James C. Lampe and Andy Garcia

The time period from the mid-1980s through 2002 is described in this series of research as a “pre-SOX” era of rapid deprofessionalization in U.S. pubic accountancy…

Abstract

The time period from the mid-1980s through 2002 is described in this series of research as a “pre-SOX” era of rapid deprofessionalization in U.S. pubic accountancy resulting in the loss of professional status. This was a period, however, when all professions were suffering some deprofessionalization. During the pre-SOX period it appears that leadership in public accountancy responded to a nearly perfect storm of changes confronting the profession with a corporate mentality of management by objectives, commercialization, and profit maximization resulting in constant and substantial net deprofessionalization greater than that of other professions. Starting in the late-1970s and continuing through 2001, some critics of public accountancy have asserted that leaders in the profession either lost or forgot what was required for public accountancy to be recognized as a profession. The conclusion stated in this paper is that public accountancy has lost its professional status in or before 2002. The reasons and events leading to this conclusion are presented and discussed. In the United States it appears as though once professional status is lost, regaining the elite status is more difficult. The question is if public accountancy can learn from history going into the substantial changes to be confronted in the post-SOX era of public accountancy and regain or at least make progress toward regaining professional status.

Details

Research on Professional Responsibility and Ethics in Accounting
Type: Book
ISBN: 978-1-78190-845-7

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Book part
Publication date: 20 October 2015

Darius J. Fatemi, John Hasseldine and Peggy A. Hite

This study documents that an outcome-favorable bias is greater when the quantity of information describing a balanced tax-decision context is substantially increased…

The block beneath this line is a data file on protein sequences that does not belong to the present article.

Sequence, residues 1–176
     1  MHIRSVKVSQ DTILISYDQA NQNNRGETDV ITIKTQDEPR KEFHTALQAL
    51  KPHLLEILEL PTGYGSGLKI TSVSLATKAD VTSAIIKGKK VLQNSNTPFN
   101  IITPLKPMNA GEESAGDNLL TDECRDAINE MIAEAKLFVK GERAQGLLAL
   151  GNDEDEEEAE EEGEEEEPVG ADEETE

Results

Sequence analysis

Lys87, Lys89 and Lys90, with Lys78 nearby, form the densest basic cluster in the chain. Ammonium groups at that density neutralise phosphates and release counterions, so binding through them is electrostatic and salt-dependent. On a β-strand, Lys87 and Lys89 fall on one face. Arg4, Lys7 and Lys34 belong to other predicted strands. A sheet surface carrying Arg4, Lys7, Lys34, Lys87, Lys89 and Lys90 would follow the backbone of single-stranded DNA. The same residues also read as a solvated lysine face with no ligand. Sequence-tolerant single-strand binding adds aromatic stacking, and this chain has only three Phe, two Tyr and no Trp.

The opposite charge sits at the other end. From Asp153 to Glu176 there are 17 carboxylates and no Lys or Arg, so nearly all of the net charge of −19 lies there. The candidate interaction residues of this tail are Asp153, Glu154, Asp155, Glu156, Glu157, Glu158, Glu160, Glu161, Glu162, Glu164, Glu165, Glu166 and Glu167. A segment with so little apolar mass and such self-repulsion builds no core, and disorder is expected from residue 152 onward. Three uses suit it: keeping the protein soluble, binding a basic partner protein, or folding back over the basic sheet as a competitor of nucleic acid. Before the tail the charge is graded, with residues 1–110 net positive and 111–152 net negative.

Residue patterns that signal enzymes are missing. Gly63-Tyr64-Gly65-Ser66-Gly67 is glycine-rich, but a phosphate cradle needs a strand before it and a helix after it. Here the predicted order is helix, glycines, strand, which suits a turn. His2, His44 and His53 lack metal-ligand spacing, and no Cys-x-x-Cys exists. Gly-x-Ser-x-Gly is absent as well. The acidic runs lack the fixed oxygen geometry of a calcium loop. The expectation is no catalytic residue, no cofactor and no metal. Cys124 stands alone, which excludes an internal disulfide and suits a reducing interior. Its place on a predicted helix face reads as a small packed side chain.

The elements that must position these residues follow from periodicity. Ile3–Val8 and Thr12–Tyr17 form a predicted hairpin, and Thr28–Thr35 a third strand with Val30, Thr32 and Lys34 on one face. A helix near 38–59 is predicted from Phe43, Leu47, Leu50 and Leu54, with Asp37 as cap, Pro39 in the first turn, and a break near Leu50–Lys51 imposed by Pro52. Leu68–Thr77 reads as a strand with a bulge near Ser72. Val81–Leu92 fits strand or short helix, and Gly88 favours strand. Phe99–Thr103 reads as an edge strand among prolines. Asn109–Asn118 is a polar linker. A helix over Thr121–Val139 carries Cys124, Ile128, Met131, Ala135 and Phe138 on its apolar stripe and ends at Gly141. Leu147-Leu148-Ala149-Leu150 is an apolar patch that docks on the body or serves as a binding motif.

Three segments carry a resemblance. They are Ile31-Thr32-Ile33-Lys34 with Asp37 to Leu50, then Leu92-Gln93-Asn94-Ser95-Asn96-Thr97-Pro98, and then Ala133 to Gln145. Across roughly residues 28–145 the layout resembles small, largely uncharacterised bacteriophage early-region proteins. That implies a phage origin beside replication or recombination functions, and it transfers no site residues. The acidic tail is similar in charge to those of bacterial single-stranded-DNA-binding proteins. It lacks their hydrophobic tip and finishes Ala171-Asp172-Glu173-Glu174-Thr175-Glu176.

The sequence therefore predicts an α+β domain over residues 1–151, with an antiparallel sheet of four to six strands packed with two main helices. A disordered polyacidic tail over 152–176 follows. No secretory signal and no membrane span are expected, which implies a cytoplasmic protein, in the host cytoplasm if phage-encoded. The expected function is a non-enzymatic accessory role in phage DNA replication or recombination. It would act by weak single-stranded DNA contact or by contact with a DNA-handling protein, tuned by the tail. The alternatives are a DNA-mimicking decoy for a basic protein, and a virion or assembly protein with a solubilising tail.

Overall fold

Abstract

This study documents that an outcome-favorable bias is greater when the quantity of information describing a balanced tax-decision context is substantially increased. Second, the study demonstrates that an outcome-favorable bias can be offset by the use of principles-based ethical standards. Specifically, we examine the effect of AICPA Code of Conduct Section 54 for integrity and Rule 102-6 for advocacy. Students volunteered to participate in this study examining the manner in which accounting novices initially process principles-based standards. Prior studies using student subjects in an audit setting have found that principles-based standards were effective only when students had high levels of moral reasoning (Herron & Gilbertson, 2004), and rules-based technical standards had no impact on student subjects when making financial adjustments (Pflugrath, Martinov-Bennie, & Chen, 2007). If professional standards increasingly rely on principles-based standards, then understanding the impact of such standards on future entrants into the profession would provide guidance in the creation and implementation of future standards, as well as assist educators in the development of accounting curricula. We extend the pattern of past research to a tax setting and show that tax-saving recommendations are a function of the presence of a professional standard and the level of contextual detail.

Details

Advances in Taxation
Type: Book
ISBN: 978-1-78560-277-1

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Article
Publication date: 1 February 1992

Michael K. Shaub and James F. Brown

Explains the implications for management accountants′ ethicalresponsibilities following the restructuring of the American Instituteof Certified Public Accountants (AICPA

Abstract

Explains the implications for management accountants′ ethical responsibilities following the restructuring of the American Institute of Certified Public Accountants (AICPA) Code. In order to enable management accountants to integrate their work more effectively with internal and external auditors, changes are recommended in the National Association of Accountants (NAA) Code of Standards.

Details

Managerial Auditing Journal, vol. 7 no. 2
Type: Research Article